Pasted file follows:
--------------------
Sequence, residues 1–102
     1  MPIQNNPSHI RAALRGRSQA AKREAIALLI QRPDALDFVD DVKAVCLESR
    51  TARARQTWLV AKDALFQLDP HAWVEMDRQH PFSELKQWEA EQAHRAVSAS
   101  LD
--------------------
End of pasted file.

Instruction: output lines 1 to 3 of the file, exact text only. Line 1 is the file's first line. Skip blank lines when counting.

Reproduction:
Sequence, residues 1–102
     1  MPIQNNPSHI RAALRGRSQA AKREAIALLI QRPDALDFVD DVKAVCLESR
    51  TARARQTWLV AKDALFQLDP HAWVEMDRQH PFSELKQWEA EQAHRAVSAS